Alex’s fall from the building doesn’t kill him, but he does break his back, wrists, and feet, among other body parts, before passing out, a crumpled mess in the street. Just before he slips into unconsciousness, Alex comes to the realization that F. Alexander’s associates, his supposed new friends, meant to kill him for “their horrible selfish and boastful politics.”
Alex wakes up a week later in a hospital, covered in bandages and splints and unable to feel any physical sensations. The nurse, absorbed in a popular romance novel, doesn’t notice Alex until he begs her to lie down with him. All she can hear, however, is a garbled voice, since Alex has a stiff mouth and several teeth missing. She goes off, presumably to get a doctor, leaving Alex drifting in and out of consciousness. The next thing he knows, doctors are standing above him, and he believes he hears the voice of the prison chaplain, telling him that he’s quit the Staja to preach about Alex’s tribulations. Alex doesn’t remain awake long enough to remember any more, but the next time he opens his eyes, Dolin, Rubinstein, and da Silva are there, calling him “friend” and telling him he has served “Liberty” well. This upsets Alex, but when he tries to castigate them for their treachery, his swollen mouth makes his words incomprehensible. The men show Alex the numerous headlines from the past week, all of which indict the government and the Minister of the Interior, until the nurse chases them away.
Alex falls back into a dream, where he sees himself engaging in his old behaviors: stealing cars, running down pedestrians, and having sex with women while people cheer. When Alex wakes up, his parents are in his room, his mother in tears. According to his father, Joe went back to his hometown after being beaten in the street by police officers to whom Joe had been asserting his rights. Alex’s father then tells him that they’d like Alex to come home, feeling guilty now about how they turned their son away. Alex can talk at this point, and orders them out, telling them that if he chooses to come back, things will have to be run according to his orders.
Alone with his thoughts now, Alex realizes that he can once again entertain thoughts of violent and unlawful behavior. When the nurse returns, he asks her if something has been done to his head. The nurse gives a cryptic answer, but two days later, Alex obtains conclusive evidence that he has indeed been restored to his old self, as two young doctors tell him he has been cured by “deep hypnopaedia.”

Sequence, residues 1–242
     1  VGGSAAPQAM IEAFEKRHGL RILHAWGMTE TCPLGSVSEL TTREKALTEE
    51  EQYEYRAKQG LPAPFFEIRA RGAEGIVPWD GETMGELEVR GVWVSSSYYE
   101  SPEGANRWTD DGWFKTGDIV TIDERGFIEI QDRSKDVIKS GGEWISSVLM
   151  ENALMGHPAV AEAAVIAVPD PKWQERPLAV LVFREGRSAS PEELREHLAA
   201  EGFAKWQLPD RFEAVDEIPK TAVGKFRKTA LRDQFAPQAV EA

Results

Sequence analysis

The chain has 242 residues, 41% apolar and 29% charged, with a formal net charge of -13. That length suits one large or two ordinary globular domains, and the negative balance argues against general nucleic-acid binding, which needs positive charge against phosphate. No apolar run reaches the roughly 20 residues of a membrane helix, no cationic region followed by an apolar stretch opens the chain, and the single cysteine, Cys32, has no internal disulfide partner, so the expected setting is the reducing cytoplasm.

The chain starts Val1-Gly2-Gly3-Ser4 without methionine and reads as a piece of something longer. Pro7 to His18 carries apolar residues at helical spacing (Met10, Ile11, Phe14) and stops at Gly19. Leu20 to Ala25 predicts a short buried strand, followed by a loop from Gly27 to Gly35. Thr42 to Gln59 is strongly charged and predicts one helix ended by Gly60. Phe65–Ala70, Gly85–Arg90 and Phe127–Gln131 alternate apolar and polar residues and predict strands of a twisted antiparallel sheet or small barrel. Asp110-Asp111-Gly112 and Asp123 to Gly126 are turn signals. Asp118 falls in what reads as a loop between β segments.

Some days later, his health greatly improved, Alex receives a visit from the Minister of the Interior, who arrives with a swarm of reporters and photographers. The Minister offers his hand in friendship, explaining that as a representative of the government, he never meant Alex any harm. He points out to Alex that they have cured him and have arranged a well-paying job for him when he fully recuperates. Unlike F. Alexander—whom the Minister portrays as a murderous man whom the State has imprisoned, for his own and Alex’s protection—the Minister tells Alex that he should consider him his true friend. Caught up in the hysteria of the moment, Alex smiles when a photographer shouts at him and takes a picture of Alex and the Minister, looking very friendly with each other.
Before the Minister leaves, he gives Alex a present. Attendants roll out a large stereo, and Alex has merely to sign a form before they will leave him alone to listen to Beethoven’s Ninth Symphony. Alex signs, and then rapturously listens to the Ninth.
time machine is boooring
1 out of 10 people found this helpful
Just wanted to say thank you for the post of the Nasdat dictionary. The language of the story was a bit overwhelming at some points, though this helped me pull through. I'd also like to mention the explanations under the "Important Quotes" were a very interesting read. If anyone reads this comment, I'd recommend them a read for a potential boost in the understanding of the subliminal contexts of Burgess's story.
2 out of 6 people found this helpful
I don't think I saw anything about the importance of this word anywhere in the guide, but it's a very loaded word. If you think about most of the other slang Alex uses, they tend to be Russian influenced, but this one isn't. Throughout the story, the meaning of this word changes to the reader: in the beginning, the way the teens use "horrorshow" for something positive leads the reader on to how violent they are. As you move into part two of the book however, you realize that "horrorshow" also alludes to the ultra violent films that Alex is f... Read more→
17 out of 30 people found this helpful